So into aid 2 I knew things were going well since I was a few minutes ahead of the time I needed to be there to get a sub 8 hour finish. That was great motivation right there. So I topped off two bottles and headed out behind a couple of riders and at some point found myself all alone with Jed Prentice. That was just fine as I knew he is a very strong rider. Again being in company like his I knew I was having a good day. So we kept on and rode solid and worked together very well when we had the chance to draft and try and pick up some time. My goal was a PR not attacking every racer in sight so I just wanted to keep a steady pace. Jed agreed that the plan seemed good. So we rolled into aid 3 together and Jed stopped for a bathroom break at aid 3 so I rode the next climb strong but was definitely looking for him to come back so we could work together again. At the top he did and we regrouped in time for the infamous 10 mile rail bed. We traded 2-3 minute pulls the entire time and did some damage on that. We had no one in sight at all except for the very end where we rolled up on Matt Ferrari and Dwayne Goscinski, the eventual 3rd and 4th place SS finishers. We caught them just before aid 4 so we did a quick pit stop and then we worked together where we could to make the pain stop. The SS’ers took off on the climbs and then Jed and I would work up to them and pull them along to the next hill. Rinse and repeat. We did use them to help a little faster pacing on the hills so they weren’t completely wheel suckers. We did joke with them about charging towing fees but it was all in good nature. We kept the group together and rode right past aid 4 and into the singletrack system that leads to the finish. As we hit the little rollers before the last longer bit of climbing I felt my legs and body starting to shut down. I hadn’t eaten in the last 2 hours or so…damnit! I had to let Jed go and pull over and let the SS’ers by and limit my efforts on the hill. I pounded some cliff blocks and got some energy back but by that time the group I was with had a couple of minutes on me. So I rode steady and whipped past the 100 k riders and rolled into the finish happy to see the group that I had worked with for a good portion of the race.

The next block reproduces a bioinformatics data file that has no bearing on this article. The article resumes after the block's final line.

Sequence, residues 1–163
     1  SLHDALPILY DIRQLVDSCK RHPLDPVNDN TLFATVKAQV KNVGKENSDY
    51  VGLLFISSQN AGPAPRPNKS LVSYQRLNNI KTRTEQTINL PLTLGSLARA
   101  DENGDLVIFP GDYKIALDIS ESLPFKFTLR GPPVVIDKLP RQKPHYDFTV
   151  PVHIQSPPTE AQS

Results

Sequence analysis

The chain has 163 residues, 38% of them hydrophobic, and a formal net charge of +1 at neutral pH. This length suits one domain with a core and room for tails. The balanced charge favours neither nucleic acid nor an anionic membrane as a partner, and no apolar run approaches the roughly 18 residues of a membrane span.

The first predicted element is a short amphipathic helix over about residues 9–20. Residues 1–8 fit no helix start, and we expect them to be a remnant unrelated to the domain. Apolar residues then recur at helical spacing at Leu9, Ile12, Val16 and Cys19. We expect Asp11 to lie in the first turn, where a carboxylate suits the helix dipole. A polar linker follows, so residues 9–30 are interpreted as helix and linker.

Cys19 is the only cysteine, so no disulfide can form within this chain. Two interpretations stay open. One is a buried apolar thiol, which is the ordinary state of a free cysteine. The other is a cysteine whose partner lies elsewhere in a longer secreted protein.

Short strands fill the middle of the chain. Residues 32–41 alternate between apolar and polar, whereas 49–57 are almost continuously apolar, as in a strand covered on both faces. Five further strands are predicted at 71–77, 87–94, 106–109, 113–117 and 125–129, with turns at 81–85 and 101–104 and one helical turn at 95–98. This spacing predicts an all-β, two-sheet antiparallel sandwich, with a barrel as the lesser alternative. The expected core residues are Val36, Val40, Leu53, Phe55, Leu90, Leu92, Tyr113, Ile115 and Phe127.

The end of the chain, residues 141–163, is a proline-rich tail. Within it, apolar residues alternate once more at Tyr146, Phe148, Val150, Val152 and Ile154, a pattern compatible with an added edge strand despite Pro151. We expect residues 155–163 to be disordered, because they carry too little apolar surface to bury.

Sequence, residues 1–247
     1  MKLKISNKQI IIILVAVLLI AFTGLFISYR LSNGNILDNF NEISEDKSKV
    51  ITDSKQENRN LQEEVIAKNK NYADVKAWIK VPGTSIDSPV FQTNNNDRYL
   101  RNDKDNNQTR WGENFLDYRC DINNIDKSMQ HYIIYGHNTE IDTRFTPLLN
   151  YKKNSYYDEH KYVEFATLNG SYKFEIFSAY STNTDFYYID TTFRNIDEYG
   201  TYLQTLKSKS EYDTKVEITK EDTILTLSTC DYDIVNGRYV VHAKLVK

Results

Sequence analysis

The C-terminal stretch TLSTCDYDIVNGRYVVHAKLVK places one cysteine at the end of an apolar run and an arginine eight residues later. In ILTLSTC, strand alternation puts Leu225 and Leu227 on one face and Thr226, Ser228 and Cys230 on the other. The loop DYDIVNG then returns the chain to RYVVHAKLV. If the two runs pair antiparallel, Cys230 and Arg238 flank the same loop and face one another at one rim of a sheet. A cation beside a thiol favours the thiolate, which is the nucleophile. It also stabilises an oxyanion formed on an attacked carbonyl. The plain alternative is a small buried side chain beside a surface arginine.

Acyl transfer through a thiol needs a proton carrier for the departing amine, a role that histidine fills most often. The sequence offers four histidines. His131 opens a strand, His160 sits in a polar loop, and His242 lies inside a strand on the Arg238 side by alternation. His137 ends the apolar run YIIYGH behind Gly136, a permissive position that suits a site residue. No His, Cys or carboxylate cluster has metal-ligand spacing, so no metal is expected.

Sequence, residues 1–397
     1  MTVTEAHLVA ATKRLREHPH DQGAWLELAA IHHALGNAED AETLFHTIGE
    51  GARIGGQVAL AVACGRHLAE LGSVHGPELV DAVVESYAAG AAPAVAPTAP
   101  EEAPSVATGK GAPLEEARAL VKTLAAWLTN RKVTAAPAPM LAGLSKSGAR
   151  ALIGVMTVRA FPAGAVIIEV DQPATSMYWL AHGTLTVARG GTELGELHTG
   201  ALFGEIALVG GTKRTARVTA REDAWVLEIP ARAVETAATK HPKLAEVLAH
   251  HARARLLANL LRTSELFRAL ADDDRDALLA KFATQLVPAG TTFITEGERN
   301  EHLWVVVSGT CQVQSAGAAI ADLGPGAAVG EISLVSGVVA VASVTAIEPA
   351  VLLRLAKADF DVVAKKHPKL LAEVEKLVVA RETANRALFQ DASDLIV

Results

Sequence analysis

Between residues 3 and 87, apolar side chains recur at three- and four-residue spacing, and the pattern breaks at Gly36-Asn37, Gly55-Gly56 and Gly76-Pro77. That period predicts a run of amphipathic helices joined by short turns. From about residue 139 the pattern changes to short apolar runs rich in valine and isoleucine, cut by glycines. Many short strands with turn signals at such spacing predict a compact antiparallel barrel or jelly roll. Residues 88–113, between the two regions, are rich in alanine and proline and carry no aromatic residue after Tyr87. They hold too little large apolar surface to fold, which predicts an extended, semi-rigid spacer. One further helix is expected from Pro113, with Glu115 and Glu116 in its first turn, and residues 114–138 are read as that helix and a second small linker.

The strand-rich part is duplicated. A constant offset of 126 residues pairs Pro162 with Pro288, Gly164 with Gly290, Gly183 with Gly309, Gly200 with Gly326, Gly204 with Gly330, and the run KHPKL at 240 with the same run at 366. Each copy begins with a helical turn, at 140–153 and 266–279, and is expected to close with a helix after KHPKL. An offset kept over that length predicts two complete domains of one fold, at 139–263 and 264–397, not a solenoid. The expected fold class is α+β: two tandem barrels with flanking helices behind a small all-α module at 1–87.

I rolled across the line at 7:33 in 17th place in open men. Super excited since I never thought I’d be any where near 7’s when I started attempting these 100 milers a few years ago and now I finished with a 7:33. Holy crap. 2nd 7 hour finish ever. Hopefully more to come. I can finally say I know how it feels to race these things and put down a hard effort. Glad to see I kept with the good company and didn’t bonk hard in the last half like I’ve done. What a great feeling!